Some 'Unbridaled' Ideas About Wedding Gowns

"Oh that Harvard study--I don't believe it," Paula Sacks said. She was speaking of the now-notorious report on the slim marriage chances for women over 30. "I think it's a bunch of hogwash."

With the bridal season in full tilt, the Los Angeles designer who specializes in wedding gowns and dresses for wedding parties has become an expert on the subject, at least from a commercial standpoint.

"My business has doubled every year since I started out four years ago," she maintains. "There's no question that people are getting married more and more. Just look around. There are bridal shops opening all the time."

Rivalry for Brides

The rivalry for brides, perhaps, was one reason why Sacks and Flower Fantasy, a Robertson Boulevard neighbor that claims weddings account for 60% of its business, recently staged what amounted to a bridal convention. There were ideas for cakes, tuxedo rentals, garters, ring-bearer pillows, bridesmaid baskets and wedding-gown dry cleaners.

Of the '80s brides, Sacks has determined: "They range in age from 25 to 55. They can't wait to get started having a family, and a lot of my clients don't wait. Some are already expecting. About 95% work. They're making money. One's a scientist. One's an actress. One's a CPA. They're organizers."

On their wedding days, Sacks continues, a lot of these women are willing to stick their necks out, fashion-wise. Although many of her wedding-dress designs veer from the norm, such as her mermaid silhouettes or gowns with detachable hoods, most often the evidence is in the bridal party. Sacks is now taking orders for bridesmaids dresses in gray, silver and black--short, poufy, strapless ones.

"In France, everyone is doing black," she reports. At one wedding where the bridesmaids and mother of the bride marched down the aisle in black, "the audience gasped," Sacks recalls. "I'm sure a few people were fainting."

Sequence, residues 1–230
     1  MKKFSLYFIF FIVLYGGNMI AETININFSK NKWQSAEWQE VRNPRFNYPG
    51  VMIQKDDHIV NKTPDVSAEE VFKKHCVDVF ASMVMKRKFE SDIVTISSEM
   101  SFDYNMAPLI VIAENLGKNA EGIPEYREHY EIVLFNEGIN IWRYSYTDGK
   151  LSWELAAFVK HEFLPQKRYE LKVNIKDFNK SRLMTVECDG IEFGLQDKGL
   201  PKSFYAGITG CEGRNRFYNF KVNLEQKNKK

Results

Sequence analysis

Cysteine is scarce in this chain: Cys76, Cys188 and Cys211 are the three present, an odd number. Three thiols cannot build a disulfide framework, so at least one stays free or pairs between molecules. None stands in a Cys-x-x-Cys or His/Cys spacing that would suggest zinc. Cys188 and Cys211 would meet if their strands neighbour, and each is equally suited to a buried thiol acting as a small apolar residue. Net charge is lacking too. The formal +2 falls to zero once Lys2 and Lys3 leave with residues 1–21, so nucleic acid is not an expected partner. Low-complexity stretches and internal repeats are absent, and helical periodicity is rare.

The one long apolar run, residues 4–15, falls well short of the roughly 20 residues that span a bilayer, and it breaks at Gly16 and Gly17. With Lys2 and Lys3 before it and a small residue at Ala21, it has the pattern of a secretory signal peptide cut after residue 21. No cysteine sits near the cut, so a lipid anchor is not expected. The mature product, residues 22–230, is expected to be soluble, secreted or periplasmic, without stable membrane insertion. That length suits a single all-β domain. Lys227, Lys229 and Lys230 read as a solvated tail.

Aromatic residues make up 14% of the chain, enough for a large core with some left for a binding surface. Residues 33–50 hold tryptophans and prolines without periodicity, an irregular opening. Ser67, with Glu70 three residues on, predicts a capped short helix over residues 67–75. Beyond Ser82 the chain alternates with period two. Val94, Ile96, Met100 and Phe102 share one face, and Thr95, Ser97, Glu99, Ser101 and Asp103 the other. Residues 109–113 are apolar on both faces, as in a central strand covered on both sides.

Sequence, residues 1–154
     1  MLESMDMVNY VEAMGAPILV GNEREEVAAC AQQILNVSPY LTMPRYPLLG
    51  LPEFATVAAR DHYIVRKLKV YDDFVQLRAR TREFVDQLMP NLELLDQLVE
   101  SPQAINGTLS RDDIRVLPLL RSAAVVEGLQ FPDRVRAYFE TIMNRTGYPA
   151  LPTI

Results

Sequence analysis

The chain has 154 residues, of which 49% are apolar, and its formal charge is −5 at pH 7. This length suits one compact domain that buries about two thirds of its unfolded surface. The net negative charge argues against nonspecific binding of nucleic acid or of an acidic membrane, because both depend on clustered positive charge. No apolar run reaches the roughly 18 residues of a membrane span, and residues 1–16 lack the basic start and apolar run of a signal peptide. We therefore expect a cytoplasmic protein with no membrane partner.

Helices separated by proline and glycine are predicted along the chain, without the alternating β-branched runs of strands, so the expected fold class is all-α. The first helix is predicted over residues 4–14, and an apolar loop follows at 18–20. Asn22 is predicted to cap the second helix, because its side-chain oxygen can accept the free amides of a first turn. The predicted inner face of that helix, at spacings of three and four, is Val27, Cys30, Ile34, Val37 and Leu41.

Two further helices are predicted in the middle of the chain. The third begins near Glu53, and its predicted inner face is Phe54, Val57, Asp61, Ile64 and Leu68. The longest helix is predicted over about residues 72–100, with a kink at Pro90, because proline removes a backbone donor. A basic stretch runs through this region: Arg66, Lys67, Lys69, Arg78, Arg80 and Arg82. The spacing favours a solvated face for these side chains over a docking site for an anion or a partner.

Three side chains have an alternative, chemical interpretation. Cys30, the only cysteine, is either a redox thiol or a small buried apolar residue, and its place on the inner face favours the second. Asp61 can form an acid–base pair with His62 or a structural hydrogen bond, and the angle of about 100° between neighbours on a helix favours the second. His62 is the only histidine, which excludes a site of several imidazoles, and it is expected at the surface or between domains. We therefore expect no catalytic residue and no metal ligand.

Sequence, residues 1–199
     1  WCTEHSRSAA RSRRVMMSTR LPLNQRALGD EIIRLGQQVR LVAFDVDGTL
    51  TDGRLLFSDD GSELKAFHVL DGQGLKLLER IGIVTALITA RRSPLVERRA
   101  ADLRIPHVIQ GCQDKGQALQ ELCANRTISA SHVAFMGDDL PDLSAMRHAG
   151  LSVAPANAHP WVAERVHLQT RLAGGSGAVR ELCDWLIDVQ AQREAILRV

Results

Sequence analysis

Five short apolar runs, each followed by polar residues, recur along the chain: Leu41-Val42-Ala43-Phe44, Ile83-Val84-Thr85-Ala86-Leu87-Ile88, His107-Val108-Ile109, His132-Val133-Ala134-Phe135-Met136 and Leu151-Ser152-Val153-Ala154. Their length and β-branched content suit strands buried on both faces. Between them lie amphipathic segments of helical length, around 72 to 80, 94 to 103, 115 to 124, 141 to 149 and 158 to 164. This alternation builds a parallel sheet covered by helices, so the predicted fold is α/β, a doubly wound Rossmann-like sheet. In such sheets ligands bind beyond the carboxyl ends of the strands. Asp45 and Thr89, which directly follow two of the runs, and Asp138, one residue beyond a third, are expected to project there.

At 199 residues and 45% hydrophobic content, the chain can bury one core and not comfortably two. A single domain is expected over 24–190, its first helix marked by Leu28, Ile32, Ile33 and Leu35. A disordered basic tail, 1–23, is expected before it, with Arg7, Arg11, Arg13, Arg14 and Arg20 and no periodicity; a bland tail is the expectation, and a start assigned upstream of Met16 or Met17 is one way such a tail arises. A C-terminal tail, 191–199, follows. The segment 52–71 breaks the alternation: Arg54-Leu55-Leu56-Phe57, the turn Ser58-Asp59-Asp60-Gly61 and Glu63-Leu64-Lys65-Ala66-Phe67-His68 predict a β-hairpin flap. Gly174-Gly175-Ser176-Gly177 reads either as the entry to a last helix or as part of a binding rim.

New York designer Judy Hornby concentrates strictly on dressing one member of the bridal party, and it's not the bride. It's her mother.

"Most mothers don't want to wear gray lace--I call it menopause gray," Hornby said during an appearance at I. Magnin.

Mothers in Shape

She finds that mothers today are in better shape than ever and, like their daughters, want to show off their figures. Consequently Hornby works strictly in chiffons that are worked in body-hugging, bias-cut dresses.

Most mothers chose them in pastel colors, but a lot of them want something more, well, noticeable, including sequins and glitter.

The raging question remains: to have a traditional wedding or not to have a traditional wedding. The results are split.

Frank Masandrea, designer of wedding gowns, offers his opinion. "In California--do I dare say?--weddings are a little flashier.

"Let me say, they do like glamour and less tradition. They like gowns with things like epaulets and rhinestones," he adds.

"I do think the key word is formal, though," he said while presenting his line, Frank Masandrea for the Diamond Collection, at Rene Strauss for the Bride (formerly Kay Joyce) on Wilshire Boulevard.

"We've had people married in fields and farms. Now it's hotel rooms."

More to the point, Masandrea believes in "new looking" dresses for the new, older brides. As the median age of marrying women rises, so do their budgets and taste levels. "Women getting married today don't want to wear one of those polyester frou-frou numbers."

What they want instead are formal white wedding gowns with a twist, such as extravagant crinolines or bare shoulders; sleek dresses of matte jersey with gigantic shoulder pads; or traditional lace and beaded gowns in unusual shades, such as rum pink or sea-foam green, "to be different."

Masandrea predicts that the next major movement down the aisle will be more avant garde. He says we'll soon see brides in miniskirts, six to seven inches above the knee, festooned with poufs, bustles and bows.

The country's political climate has a lot to do with it. "In the same way I think we'll have a Democratic administration in 1988," Masandrea said, "I think traditionalism is starting to end."

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